A proud member of the Alpha Omicron Pi chapter at George Mason University, Kristina spent her undergraduate years cultivating key workplace skills she would ultimately need to become the chief of the Cyber Education and Awareness Branch at the U.S. Department of Homeland Security.
Inspired and empowered by her own experiences, Kristina began working with the Department of Homeland Security in 2003. Though she had no technical background at that time, she became interested in how increased connectivity began impacting our daily lives and affecting our country’s national security.
“At this point in our society, people don’t know how to live without their mobile device and that is why awareness and education are so important,” she says.
September is National Campus Safety Awareness Month, followed by National Cyber Security Awareness Month in October. “National Cyber Security Awareness Month is designed to engage and educate public and private sector partners through events and initiatives with the goal of raising awareness about cybersecurity and increasing the resiliency of the nation in the event of a cyber incident,” Kristina says.
While increased connectivity can offer many conveniences and opportunities, it also can also create increased risk. Some of the most common risks are identity theft, monetary theft, stalking and cyber bullying.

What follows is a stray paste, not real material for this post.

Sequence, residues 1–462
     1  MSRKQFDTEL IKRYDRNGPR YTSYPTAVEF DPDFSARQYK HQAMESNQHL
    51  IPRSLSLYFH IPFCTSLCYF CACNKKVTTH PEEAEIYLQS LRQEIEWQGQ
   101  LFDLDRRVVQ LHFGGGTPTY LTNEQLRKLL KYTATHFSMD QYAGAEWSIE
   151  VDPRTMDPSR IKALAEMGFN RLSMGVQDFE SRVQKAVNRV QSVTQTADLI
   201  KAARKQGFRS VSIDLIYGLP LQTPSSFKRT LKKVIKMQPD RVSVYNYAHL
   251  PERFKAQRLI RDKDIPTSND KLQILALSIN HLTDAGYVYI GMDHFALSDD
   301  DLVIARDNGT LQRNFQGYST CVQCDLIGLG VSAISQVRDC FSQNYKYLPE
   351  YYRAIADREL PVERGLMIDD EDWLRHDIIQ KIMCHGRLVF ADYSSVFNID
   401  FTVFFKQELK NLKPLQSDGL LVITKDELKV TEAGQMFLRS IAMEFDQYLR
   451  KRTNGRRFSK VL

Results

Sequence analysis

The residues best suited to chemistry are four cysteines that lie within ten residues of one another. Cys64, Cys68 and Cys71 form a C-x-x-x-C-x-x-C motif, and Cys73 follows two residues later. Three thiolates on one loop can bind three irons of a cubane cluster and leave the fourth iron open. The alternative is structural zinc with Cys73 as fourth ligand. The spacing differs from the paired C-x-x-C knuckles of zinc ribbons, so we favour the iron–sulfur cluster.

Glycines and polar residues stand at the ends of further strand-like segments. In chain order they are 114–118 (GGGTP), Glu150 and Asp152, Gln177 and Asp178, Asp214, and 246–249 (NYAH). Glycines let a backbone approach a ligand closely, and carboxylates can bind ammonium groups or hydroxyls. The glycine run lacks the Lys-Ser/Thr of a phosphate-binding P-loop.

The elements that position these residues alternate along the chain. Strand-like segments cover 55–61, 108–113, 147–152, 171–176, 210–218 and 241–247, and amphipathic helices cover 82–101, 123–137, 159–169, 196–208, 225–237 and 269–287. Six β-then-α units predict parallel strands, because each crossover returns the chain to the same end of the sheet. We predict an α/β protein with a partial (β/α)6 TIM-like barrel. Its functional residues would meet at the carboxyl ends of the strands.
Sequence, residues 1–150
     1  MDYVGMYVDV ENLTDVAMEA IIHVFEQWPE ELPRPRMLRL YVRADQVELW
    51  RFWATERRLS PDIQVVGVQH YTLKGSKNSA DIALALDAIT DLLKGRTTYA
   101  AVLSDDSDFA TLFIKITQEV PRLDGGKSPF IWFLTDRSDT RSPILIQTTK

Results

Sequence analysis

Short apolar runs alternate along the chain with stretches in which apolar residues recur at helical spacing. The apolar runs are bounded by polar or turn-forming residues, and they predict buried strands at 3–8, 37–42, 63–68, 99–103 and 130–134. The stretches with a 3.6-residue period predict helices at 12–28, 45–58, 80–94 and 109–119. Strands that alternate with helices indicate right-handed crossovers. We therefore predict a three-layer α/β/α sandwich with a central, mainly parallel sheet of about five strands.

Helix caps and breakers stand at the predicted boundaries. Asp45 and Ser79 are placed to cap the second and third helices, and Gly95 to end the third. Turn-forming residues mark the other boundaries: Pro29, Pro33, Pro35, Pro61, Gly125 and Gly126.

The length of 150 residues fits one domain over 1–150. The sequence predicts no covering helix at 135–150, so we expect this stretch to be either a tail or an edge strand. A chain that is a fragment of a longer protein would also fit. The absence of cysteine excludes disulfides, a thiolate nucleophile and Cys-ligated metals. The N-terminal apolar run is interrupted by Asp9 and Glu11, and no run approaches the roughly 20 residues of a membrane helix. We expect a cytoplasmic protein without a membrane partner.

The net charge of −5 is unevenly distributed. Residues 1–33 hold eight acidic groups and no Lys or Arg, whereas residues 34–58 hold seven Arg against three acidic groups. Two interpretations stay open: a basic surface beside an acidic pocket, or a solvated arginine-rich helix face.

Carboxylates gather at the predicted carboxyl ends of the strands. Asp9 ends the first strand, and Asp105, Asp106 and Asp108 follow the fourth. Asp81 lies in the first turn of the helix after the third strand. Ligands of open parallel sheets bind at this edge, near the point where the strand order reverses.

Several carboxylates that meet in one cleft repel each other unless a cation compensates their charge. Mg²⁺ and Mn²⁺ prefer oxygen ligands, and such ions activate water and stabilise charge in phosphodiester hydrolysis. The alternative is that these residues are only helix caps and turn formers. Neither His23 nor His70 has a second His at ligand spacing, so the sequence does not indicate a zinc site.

What is the biggest cyber concern facing collegians today? Kristina cites oversharing as a threat to all internet users. She says that the Library of Congress is currently cataloguing every Tweet as part of a social media project, and that is only one example of how what you put online is permanent.
“More importantly,” Kristina says, “college students need to understand that what they are doing online today could have a profound impact on their future. Just be certain that the online persona you have today represents the real you and the person you want others to see.”
Another threat Kristina urges collegians be aware of, especially women, is the use of location services or sharing. “Cyberstalking is a serious concern for young women on college campuses. If you are regularly checking in places and pinpointing your exact location, you could be sharing with people who you may not know in real life and who may seek to do you harm,” she says.
The best advice Kristina offers is to treat cyber security just as seriously as other parts of your life. “Just as you take steps every day to keep yourself safe and healthy, you need to take steps to protect yourself online,” she says.
Collegians have the opportunity to engage in peer accountability when it comes to cyber safety, especially within our member organizations. “Everyone locks their doors at night, right? We all need to be sure to keep our ’digital’ doors locked as well. Just as you share your favorite new app with your friends, also remember to share your best safety tips too,” Kristina says.
For more on cyber safety, visit https://www.dhs.gov/national-cyber-security-awareness-month and www.dhs.gov/stopthinkconnect.
In addition check out the article in Alpha Omicron Pi’s To Dragma featuring Kristina and cyber security tips.